Updated 30th October 2015 to include the Being Human festival.
November is the month of Previously…Scotland’s History Festival, the ESRC Festival of Social Science and the Being Human festival of the humanities. Here’s what our peeps are appearing in. (Events take place in Edinburgh unless otherwise stated.)
Previously…Scotland’s History Festival
The Dead Sea Scrolls: a very short introduction (18th November)
Everyone has heard of the Dead Sea Scrolls, but amidst the conspiracies, the politics, and the sensational claims, it can be difficult to separate the myths from the reality. Timothy Lim (The University of Edinburgh) presents the true facts.
Martyrdom: a very short introduction (19th November)
Jolyon Mitchell (The University of Edinburgh) provides a historical analysis to shed light on how the concept and practice of martyrdom has evolved, as well as the different ways in which it is used today.
Professor Sir Thomas Martin Devine, Kt OBE FBA FRSE HonMRIA FRHistS, is more than Scotland’s most famous historian. He is a myth slayer. Kevin McKenna, one of our most incisive inquisitors, puts the good professor in the spotlight and finds out what makes him tick.
Knox unbound (20th November)
Join Jane Dawson (The University of Edinburgh), author of the acclaimed new biography of John Knox as she casts a surprising new light on the public and private personas of a highly complex, difficult, and hugely compelling individual.
Behind the black faced minstrel’s smile (21st November)
Groundbreaking historian Dr Eric Graham (The University of Edinburgh) wipes away the makeup of this ‘family entertainment’ to reveal a story of how ‘the minstrelsy’ introduced the appalling American style racial stereotyping of the African American into Scotland in the 1840s.
Dr Lesley Orr (The University of Edinburgh) looks at the lives of the women who fought in those first battles for equality, and plots the course from those early days through to more recent campaigns.
Ghosts, fairies and second sight in Early Modern Scotland (22nd November)
Are you interested in Scottish ghost, fairy and second sight beliefs from the sixteenth to the eighteenth centuries? Martha McGill (The University of Edinburgh) shares some of this period’s popular supernatural stories.
Churches in a landscape (22nd November)
Audrey Scardina (The University of Edinburgh) spends a lot of time climbing over ancient ruins, struggling with obtuse German sources, and making colourful maps. She studies ancient Lycia, in southwest Turkey, which is now most famous for relaxing holidays and being the birthplace of Father Christmas.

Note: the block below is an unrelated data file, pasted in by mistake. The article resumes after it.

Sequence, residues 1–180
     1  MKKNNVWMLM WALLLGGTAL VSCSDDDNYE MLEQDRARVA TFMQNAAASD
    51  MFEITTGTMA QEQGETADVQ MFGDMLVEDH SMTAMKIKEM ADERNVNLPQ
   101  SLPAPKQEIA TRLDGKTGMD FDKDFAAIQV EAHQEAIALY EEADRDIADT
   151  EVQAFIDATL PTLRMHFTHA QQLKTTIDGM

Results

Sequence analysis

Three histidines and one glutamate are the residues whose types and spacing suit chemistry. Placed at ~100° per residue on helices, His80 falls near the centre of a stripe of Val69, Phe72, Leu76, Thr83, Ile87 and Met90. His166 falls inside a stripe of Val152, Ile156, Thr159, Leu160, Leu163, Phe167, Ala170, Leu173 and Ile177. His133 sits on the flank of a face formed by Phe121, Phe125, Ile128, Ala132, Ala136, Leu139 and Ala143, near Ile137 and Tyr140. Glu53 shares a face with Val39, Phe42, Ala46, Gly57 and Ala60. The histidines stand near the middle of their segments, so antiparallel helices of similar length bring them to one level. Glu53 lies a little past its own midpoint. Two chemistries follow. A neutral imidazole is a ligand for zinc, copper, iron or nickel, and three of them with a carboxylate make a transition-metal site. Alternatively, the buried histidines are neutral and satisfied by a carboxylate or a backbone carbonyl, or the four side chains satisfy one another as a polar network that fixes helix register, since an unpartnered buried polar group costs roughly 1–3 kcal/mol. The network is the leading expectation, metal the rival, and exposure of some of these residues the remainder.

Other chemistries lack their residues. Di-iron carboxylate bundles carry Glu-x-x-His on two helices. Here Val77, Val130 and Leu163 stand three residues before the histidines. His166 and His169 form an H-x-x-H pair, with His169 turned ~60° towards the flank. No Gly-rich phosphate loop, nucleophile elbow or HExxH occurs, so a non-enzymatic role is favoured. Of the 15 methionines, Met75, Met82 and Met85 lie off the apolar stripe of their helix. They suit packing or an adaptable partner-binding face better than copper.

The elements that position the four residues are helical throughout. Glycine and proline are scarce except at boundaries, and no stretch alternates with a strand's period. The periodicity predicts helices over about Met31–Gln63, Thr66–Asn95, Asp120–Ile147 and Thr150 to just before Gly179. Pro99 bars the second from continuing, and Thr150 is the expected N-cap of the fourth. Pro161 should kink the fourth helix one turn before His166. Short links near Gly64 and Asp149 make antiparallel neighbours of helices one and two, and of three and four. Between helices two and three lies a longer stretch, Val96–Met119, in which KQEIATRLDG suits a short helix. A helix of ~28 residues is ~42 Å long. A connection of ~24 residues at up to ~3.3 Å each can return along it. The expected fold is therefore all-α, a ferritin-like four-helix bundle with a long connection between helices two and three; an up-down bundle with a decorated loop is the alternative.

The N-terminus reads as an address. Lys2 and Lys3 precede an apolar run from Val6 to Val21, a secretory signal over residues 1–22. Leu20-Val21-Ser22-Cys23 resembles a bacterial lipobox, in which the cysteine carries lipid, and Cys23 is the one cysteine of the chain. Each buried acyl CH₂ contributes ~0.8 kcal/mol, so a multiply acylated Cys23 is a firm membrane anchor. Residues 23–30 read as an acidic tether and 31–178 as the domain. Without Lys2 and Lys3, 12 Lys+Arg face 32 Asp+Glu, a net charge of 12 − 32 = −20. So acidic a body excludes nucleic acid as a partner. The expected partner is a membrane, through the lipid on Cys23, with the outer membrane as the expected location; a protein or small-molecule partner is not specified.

Unicorns: a zoological analysis (22nd November)
Elyse Waters (The University of Edinburgh) examines how real animals influenced the creation and evolution of the unicorn myth.
ESRC Festival of Social Science
CafeMED special: science in British Sign Language (9th November, Aberdeen)
Audrey Cameron (The University of Edinburgh) and Gary Quinn (Heriot Watt University) discuss the development of new British Sign Language signs for specific terms related to scientific disciplines.
Social inequalities in higher education (11th November)
This event will bring international comparative research into the debates about the remit of Scottish Government’s Commission on Widening Access. Organised by AQMeN, The University of Edinburgh.
Governance and data access an interactive approach (13th November)
An interactive exploration of the ethics of reusing data from existing patient records. Organised by the Longitudinal Studies Centre Scotland, The University of Edinburgh.
Using maths for social and political studies (13th November)
This afternoon of interactive workshops will use fun group activities and mini-lectures to give S5/S6 pupils a flavour of how they can combine an interest in social science with mathematical ability and interest (The University of Edinburgh).
Being Human: a festival of the humanities
Lost+Found: seeing Edinburgh through the eyes of its people (19th November)
Edinburgh, like every city, is a divided one. Join humanities researchers, creative practitioners, urban activists, policy makers and fellow citizens for the launch of online exhibition Lost+Found in Edinburgh, which features images of the city’s quirky and contested places.